In-vehicle telematics improves efficiency, driver behaviour and fuel monitoring
For any fleet operator, but especially those running service or delivery type fleets, there are a number of benefits from employing the use of in-vehicle telematics and vehicle tracking.
Among them are increased vehicle utilisation, better job allocation and routing, improved timesheet reporting, more accurate fuel monitoring, enhanced maintenance management, and improved monitoring of driver behaviours.
Telematics can facilitate everything from a ‘nearest vehicle’ search using GPS fleet tracking to providing information on the current status of that car or van – and whether it’s being used inappropriately.
This information can then help an organisation take decisions which keep its operations running as smoothly as possible and improve levels of customer service, while ultimately enhancing overall productivity.
Benefits of using telematics
When used correctly, telematics can help an organisation manage its fleet costs and duty of care requirements better and more efficiently.
It also provides an accurate way for companies to capture and record business mileage data, vital information if HMRC decides to audit the company records.
For van fleets with a customer-facing role, such as couriers, breakdown services and engineers, fleet vehicle tracking and monitoring can assess how vehicles are being used.
Office-based managers can then automatically assign jobs to vehicles during the day, based on who is closest to a customer. Drivers can also register their current status, such as being available for their next job.
If the workload is more likely to be established at the start of the day and not change, then the driver’s schedule can be automatically uploaded to a routing system, which can then monitor progress according to the schedule.
This information can identify whether a driver will arrive at a destination at the scheduled time, which in turn can be relayed to the customer, thus improving service levels.
Monitoring driver hours
For vehicles that aren’t necessarily used for a customer-facing role, telematics can still ensure they are being used efficiently by delivering accurate data on elements such as speed, fuel economy and driving style.
If employees claim for working additional hours, telematics can also verify the time spent at specific locations. Many companies already have systems in place to record such features, while others are still trying to get to grips with the necessary requirements.
But GPS fleet tracking could prove invaluable in providing accurate vehicle locations, journey times and mileage records to provide detailed management information.
For vehicles typically carrying expensive or valuable equipment, telematics software can monitor key elements of security, such as position of vehicle, status and details such as rear doors being opened.
Alternatively, vehicles fitted with GPS fleet tracking can be set with an automated alert if they are moved outside a specified location or into one, such as a congestion charging zone. This can attract the attention of managers if a vehicle is being moved to a location it shouldn’t be.
Any unplanned vehicle movements should automatically raise an alarm and pinpoint the vehicle so police can then be directed to its location.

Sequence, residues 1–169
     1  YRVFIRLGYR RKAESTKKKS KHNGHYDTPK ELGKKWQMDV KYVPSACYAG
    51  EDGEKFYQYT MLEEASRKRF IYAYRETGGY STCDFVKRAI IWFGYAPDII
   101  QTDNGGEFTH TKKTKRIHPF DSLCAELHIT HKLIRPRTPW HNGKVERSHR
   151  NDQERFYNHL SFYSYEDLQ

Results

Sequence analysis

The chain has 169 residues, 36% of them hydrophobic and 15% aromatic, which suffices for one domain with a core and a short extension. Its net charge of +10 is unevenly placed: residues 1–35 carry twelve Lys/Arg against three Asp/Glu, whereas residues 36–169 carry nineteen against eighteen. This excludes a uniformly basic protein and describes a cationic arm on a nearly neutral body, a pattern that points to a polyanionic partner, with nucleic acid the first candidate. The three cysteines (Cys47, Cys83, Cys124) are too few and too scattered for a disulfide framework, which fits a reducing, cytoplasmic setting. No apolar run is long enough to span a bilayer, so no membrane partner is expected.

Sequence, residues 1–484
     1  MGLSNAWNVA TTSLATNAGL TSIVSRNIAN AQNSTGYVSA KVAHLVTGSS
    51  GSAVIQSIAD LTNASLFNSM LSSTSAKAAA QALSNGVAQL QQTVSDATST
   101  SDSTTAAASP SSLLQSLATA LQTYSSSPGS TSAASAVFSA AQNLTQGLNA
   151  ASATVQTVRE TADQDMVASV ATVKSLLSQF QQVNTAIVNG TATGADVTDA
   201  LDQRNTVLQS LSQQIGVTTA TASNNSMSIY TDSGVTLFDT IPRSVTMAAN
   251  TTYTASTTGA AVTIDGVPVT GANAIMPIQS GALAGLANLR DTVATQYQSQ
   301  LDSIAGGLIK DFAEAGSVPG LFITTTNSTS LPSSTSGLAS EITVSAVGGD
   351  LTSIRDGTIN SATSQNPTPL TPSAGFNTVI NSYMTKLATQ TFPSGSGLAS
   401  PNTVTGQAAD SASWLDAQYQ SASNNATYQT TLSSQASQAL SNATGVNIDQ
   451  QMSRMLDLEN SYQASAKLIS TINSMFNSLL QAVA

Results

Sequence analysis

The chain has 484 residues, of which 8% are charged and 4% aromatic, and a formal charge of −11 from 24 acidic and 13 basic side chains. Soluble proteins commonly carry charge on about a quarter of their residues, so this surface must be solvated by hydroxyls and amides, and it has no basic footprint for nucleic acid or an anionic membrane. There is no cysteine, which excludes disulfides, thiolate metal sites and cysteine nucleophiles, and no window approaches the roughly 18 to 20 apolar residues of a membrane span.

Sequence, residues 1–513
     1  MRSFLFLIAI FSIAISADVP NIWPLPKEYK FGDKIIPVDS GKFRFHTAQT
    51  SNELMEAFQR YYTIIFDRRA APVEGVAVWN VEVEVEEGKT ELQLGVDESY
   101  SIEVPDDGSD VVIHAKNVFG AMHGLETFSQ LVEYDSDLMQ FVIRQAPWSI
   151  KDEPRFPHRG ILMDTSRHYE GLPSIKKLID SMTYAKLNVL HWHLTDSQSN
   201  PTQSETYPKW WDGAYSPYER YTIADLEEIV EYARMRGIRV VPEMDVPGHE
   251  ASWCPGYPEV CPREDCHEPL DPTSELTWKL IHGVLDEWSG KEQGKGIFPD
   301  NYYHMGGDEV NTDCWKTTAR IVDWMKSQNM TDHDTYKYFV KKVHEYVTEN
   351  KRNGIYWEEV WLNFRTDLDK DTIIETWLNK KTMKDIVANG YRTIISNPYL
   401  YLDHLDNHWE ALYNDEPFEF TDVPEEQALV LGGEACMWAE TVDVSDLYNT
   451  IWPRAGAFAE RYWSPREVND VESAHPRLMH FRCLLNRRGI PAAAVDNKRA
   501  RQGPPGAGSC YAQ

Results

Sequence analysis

Personal safety can be enhanced for lone workers, too, as telematics can track their location and vehicles can be fitted with panic alarms in case of emergency.
Monitoring driver behaviours
One of the criticisms levelled against telematics is that it represents an invasion of privacy, but many companies have tackled this issue successfully by focusing on the personal benefits, such as identifying driving style changes that bring lower personal fuel bills and improved safety.
Driver behaviour is among the biggest cost management issues that fleet managers regularly have to address and using telematics is one way of tackling this.
Most advanced GPS based fleet management systems provide fleet managers with information on driver behaviour, and using this data, an organisation can reduce fuel consumption, extend vehicle life and reduce carbon emissions as a direct result of ironing out poor driving habits.
It can also help build up a profile in terms of vehicle performance and downtime management to help with predictive servicing, and can ensure all drivers are contacted in good time to arrange servicing and maintenance to suit their workload.
Telematics data can also be used to identify harsh braking and acceleration, speeding and erratic cornering – all information that is extremely powerful in monitoring driver behaviour on an ongoing basis.
All of this provides data valuable in helping meet duty of care obligations, by proving that drivers are properly monitored and, where appropriate training, is provided.
How to get the best from telematics
The most significant benefits from telematics are to be seen when they are integrated across the organisation.
Fleet management should be integrated with routing and navigation, job scheduling, driver scorecards, customer service, fuel card management and the supply chain.
As an example, where telematics is integrated with fuel card management, it can help to better report on fuel transactions and identify and prevent fraud.
The system should be flexible and it should be available on mobile devices, so that field workers can receive their work schedules, record mileages and report back as each job is completed.
As such, it makes the argument for more widespread use of in-vehicle telematics and fleet tracking a little more compelling.
If you have any questions about the use of fleet tracking, then please get in touch.